By Susan Hildreth
EDITOR’S NOTE: The original blog included incorrect information in the third paragraph. This posting includes corrected information.
I was intrigued by the results of the new study released this month by the Pew Center for the Internet in American Life. According to the study some 90 percent of Americans aged 16 and older said that the closing of their local public library would have an impact on their community, 63 percent saying it would have a “major” impact. Asked about the personal impact of a public library closing, two-thirds (67 percent) of Americans said it would affect them and their families, including 29 percent who said it would have a major impact.
Moreover, the vast majority of Americans aged 16 and older say that public libraries play an important role in their communities with overwhelming majorities citing such important outcomes as “giving everyone a chance to succeed,” “promoting literacy and a love of reading,” “improving quality of life in community,” and “providing services people would have a hard time finding elsewhere.”
The study also found people divided on whether the library's role is as important for them today as it was in the past. The most recent IMLS Public Library Survey recorded significant increases in library use over the past 20 years. Programs and attendance have increased, and circulation of materials is the highest ever reported.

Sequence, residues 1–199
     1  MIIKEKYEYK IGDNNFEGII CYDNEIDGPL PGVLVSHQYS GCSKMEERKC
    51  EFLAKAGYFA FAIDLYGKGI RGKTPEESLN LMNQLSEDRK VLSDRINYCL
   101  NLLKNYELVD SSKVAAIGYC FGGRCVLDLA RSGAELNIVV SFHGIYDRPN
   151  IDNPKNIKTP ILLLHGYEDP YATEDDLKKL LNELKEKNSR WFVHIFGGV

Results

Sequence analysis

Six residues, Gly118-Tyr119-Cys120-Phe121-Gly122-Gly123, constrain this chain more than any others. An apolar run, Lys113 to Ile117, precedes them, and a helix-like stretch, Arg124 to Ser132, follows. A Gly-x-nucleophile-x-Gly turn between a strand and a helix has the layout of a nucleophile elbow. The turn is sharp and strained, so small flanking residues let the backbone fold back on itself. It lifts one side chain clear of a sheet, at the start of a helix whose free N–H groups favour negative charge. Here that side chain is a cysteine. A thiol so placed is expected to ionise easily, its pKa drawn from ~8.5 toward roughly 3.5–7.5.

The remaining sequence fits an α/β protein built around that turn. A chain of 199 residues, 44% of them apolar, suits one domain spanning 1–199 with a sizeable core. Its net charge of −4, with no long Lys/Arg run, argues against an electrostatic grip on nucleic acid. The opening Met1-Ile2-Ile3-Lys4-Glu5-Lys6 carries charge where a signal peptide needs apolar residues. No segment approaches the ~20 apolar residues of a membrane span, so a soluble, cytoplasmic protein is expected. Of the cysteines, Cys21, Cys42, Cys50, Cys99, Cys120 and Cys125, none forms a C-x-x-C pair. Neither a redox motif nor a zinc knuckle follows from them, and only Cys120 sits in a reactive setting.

Clearly the role of libraries is changing. At IMLS we see many examples of how libraries are working differently. Many more people are accessing library services remotely. Many more libraries are looking at community engagement strategies in new ways.
What role do you think the library of the future will play in making the “digital shift” and contributing to the success of individuals and the quality of life in communities?